In general I feel very blessed in life. Great family, awesome husband, my health, not a lot of worry. That being said, I am not necessarily a lucky person (other than when it comes to aforementioned blessings). I always seem to be in the longest line at the grocery store or at customs, I am one number off in lottery picks and I never have those happenstance encounters with famous people that everyone loves to brag about. Okay, I admit it, I don’t live in a place that is teeming with celebrities, but I get out and about enough that you would think something would happen sometime. The thing about being a person who is not naturally lucky is that one is required to make her own luck. And that is how I came to meet Chef Mario Batali last week.
To me Mario is authentic Italy. I loved his show Molto Mario - each episode focused on one region in Italy and Mario would give a bit of history about the culinary tradition in that region. He would explain why and how ingredients were used and I have always found his straightforward approach to Italian cuisine to be just the thing I needed to satisfy my soul when I was home in the US and very much “Romesick”.
Mario has since gone on to build a veritable empire - countless restaurants all over the country, cookbooks galore, a new show concept called “The Chew”, the Eataly brand, PBS specials exploring Spain and a foundation that aims to feed and protect the children of the US. His interests are admirable and yet he always seemed to me to uphold his humility and genuine love for his craft. Have I stalked him in recent years? Well, maybe not formally the way a scary stalker would do, a way that would result in a restraining order and perhaps an appearance in court. But I have always followed his endeavors with great interest. So imagine my excitement when I heard that he was opening a new restaurant in New Haven. I was dying to try it out and then an email came with an invitation to attend a lunch at Tarry Lodge - a lunch that Mario would be attending. What kismet, what fate! I jumped to sign on only to find it completely booked. I got myself on a waiting list and thanks to a cancellation was able to secure a ticket. Then the work began. A series of phone calls and emails, a bit of investigative work and one very well directed tweet gained me access to a chef who I have long admired.
Thanks to Mario’s communications director, I was granted a short interview with him. I was thrilled and though I had a million questions I wanted to ask, I knew I should keep it short. He was gracious and kind and seemed completely unfazed by the fact that the restaurant was quickly filling up with patrons who were there for a signature Mario meal. The man is a true professional and I hoped that I would be worthy of his time. I broke the ice with the presentation of the mighty Popener. I hazarded a guess that he did not have one and I was right. We talked about what a shame it was that Francis does not yet grace the Popener - he seems to be the perfect pontificate for such a trinket!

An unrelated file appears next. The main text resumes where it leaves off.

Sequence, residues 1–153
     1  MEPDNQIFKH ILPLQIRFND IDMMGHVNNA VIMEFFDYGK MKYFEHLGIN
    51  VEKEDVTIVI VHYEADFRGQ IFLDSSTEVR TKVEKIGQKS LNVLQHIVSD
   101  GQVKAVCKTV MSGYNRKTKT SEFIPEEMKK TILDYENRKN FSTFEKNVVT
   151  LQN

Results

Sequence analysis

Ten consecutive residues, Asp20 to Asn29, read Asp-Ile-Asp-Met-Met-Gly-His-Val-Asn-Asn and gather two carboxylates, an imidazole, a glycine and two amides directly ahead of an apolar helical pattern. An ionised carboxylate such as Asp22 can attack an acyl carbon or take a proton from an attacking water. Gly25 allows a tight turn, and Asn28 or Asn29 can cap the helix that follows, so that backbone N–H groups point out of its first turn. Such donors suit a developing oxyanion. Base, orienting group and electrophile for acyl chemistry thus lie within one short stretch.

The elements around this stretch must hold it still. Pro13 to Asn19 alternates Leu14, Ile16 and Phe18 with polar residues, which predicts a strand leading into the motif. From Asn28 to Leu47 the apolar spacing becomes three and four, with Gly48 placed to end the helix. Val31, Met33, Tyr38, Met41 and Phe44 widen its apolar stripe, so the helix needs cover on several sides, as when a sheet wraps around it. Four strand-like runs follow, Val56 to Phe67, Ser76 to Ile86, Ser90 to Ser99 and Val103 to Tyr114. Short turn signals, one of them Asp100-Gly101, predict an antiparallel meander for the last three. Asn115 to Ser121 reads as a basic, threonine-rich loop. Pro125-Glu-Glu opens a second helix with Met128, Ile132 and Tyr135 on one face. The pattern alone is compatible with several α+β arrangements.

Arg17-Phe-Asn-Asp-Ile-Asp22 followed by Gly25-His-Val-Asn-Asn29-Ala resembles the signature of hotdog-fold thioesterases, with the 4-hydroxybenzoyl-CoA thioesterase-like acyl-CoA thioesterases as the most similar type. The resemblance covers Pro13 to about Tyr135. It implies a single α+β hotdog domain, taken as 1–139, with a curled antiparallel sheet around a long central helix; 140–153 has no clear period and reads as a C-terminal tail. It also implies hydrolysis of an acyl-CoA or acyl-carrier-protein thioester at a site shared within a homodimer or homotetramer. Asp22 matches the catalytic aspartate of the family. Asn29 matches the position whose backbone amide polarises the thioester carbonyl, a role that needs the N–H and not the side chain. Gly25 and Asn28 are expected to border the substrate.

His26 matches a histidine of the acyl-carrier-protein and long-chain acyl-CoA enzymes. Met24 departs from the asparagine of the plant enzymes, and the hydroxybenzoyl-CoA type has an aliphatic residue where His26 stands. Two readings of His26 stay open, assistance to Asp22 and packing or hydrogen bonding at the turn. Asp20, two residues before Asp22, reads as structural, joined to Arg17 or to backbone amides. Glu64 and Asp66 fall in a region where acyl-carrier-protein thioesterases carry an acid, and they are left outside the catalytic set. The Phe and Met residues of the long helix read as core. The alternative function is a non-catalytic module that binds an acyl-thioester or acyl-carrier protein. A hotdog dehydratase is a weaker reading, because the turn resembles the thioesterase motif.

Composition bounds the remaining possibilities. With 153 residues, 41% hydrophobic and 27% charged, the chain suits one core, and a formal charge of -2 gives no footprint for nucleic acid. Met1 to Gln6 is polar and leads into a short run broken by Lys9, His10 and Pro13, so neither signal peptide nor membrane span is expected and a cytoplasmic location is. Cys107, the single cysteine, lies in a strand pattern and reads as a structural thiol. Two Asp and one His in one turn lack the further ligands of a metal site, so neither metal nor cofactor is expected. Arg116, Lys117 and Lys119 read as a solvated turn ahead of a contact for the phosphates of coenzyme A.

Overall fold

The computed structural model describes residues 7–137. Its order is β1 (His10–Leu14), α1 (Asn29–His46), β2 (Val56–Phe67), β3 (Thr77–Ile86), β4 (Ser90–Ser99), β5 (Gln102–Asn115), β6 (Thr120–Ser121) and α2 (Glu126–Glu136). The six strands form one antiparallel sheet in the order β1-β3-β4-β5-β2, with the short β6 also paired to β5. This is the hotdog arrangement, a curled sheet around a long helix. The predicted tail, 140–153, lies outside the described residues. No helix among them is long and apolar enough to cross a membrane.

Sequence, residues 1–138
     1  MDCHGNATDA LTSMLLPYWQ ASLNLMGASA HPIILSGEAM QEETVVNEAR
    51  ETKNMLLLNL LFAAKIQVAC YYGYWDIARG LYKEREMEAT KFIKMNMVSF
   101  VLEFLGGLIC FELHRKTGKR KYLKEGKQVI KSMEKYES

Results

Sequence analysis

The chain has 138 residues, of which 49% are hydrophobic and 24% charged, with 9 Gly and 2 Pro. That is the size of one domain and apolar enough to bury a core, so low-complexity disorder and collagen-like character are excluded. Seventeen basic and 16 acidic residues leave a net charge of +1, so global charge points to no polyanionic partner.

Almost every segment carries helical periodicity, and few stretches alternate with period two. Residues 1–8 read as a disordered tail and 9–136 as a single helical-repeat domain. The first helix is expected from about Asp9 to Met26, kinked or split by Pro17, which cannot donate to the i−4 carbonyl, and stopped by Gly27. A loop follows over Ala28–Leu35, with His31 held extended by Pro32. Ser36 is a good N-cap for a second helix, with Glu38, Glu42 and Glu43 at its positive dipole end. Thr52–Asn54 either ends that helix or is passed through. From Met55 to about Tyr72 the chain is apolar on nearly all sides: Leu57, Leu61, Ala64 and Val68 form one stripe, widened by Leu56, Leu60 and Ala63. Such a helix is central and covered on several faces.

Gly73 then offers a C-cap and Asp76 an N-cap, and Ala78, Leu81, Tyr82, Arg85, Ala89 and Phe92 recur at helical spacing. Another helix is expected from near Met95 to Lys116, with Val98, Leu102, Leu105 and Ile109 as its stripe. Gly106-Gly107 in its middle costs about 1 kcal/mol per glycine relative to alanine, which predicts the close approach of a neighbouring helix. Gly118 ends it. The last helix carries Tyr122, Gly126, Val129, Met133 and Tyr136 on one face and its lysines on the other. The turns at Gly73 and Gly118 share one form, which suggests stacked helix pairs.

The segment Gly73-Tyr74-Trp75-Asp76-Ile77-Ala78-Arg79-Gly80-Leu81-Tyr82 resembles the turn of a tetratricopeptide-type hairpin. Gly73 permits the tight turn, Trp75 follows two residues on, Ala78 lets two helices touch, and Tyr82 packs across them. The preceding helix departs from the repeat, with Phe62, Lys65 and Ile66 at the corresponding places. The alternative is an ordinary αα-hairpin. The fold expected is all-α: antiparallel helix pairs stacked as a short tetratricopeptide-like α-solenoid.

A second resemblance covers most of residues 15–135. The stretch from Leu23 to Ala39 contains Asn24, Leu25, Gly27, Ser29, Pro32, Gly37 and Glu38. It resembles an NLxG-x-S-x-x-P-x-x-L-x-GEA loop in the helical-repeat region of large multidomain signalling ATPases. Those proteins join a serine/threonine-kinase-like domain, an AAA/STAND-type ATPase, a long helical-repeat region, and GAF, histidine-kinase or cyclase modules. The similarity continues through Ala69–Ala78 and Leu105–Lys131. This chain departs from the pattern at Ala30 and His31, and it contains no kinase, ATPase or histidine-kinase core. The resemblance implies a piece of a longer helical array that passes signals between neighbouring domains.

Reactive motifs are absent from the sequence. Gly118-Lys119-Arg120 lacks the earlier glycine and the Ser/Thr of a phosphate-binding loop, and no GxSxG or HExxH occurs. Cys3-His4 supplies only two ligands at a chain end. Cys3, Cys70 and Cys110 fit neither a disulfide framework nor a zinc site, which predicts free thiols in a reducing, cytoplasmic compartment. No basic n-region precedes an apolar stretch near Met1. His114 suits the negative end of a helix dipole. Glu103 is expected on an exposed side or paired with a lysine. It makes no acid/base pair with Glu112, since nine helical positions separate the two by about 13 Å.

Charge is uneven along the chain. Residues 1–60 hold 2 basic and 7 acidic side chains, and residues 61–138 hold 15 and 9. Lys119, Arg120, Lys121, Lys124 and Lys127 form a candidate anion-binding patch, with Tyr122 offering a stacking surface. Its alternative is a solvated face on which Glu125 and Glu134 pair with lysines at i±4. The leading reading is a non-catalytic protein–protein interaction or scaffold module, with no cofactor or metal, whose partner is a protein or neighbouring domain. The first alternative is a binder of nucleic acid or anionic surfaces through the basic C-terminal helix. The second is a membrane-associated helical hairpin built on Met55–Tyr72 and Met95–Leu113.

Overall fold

We chatted about the agritourism movement that is thriving in Italy and I asked him if he ever thought it would make its way here to the US. You see, Mario’s new cookbook is all about Farm to Table cuisine in America and this is the whole centerpiece on which agritourism is founded. He said he has friends in California who have cabins that they rent out at their vineyards but we are a long way from what agriturismo is in Italy. The discussion turned a bit political then but in a lighthearted way in which Jimmy Fallon was mentioned. In the end he did say that he thinks it is something that is clearly catching on for Americans as they look for travel to be much more experiential, be it abroad or here in the US.
Then I got to the questions that I always wanted to know - I stayed away from the obvious: why the orange Crocs, what is your favorite meal, etc. I am always particularly curious about perceptions of Italy, especially from someone whom I respect so much and who has had such extensive experience in Italy.
AT: Where in Italy do you think Americans should visit that they tend to overlook?
MB: Bologna - it’s medieval, it’s fascinating and the food is incredible. You can take day trips to Ravenna, Ferrara, Modena even Florence.
Palermo - I think everyone should experience Palermo. Sicily is an incredible island but you need a couple of weeks to get around it. It’s not as small as you think. But Palermo is amazing - the Vuccuria market is something everyone needs to see.
I recommend going three places for 4 or 5 days each. On the third day when you go down to the local bar for your cappuccino in the morning, you will get a warm “Hey, Americano!” greeting. There is nothing like it.
AT: What is the first thing you eat when you land in Rome?
MB: Well, my first stop is at the bar just outside of customs for a cappuccino. It’s the best. Then I get away from the airport as quickly as possible because I hate the airport. My next stop is the Autogrill. Whether I am going north or south there is an Autogrill within 10 miles. I get a spicy sopressata panino and a driving beer - you know, a little one. And then I hit the road.
My favorite place to stay is Il Pelicano (in Porto Ercole). It’s a perfect place, a perfect hotel.
As the restaurant filled up I knew I had to let Mario go, so I thanked him and took my place at my table where I was treated to a divine three course meal. Just because I know my readers, I will share with you the details. Not to make you jealous (well, maybe a little bit) but because these dishes are regularly offered at Tarry Lodge and I urge you to get there.
They also have pizzas which I will definitely try on my next visit. As Mario said “We are not trying to compete with the New Haven pizza scene. We are just trying to be part of the conversation”. I think that conversation will be buzzing. Grazie mille Mario - you made me feel like the luckiest girl alive on Friday!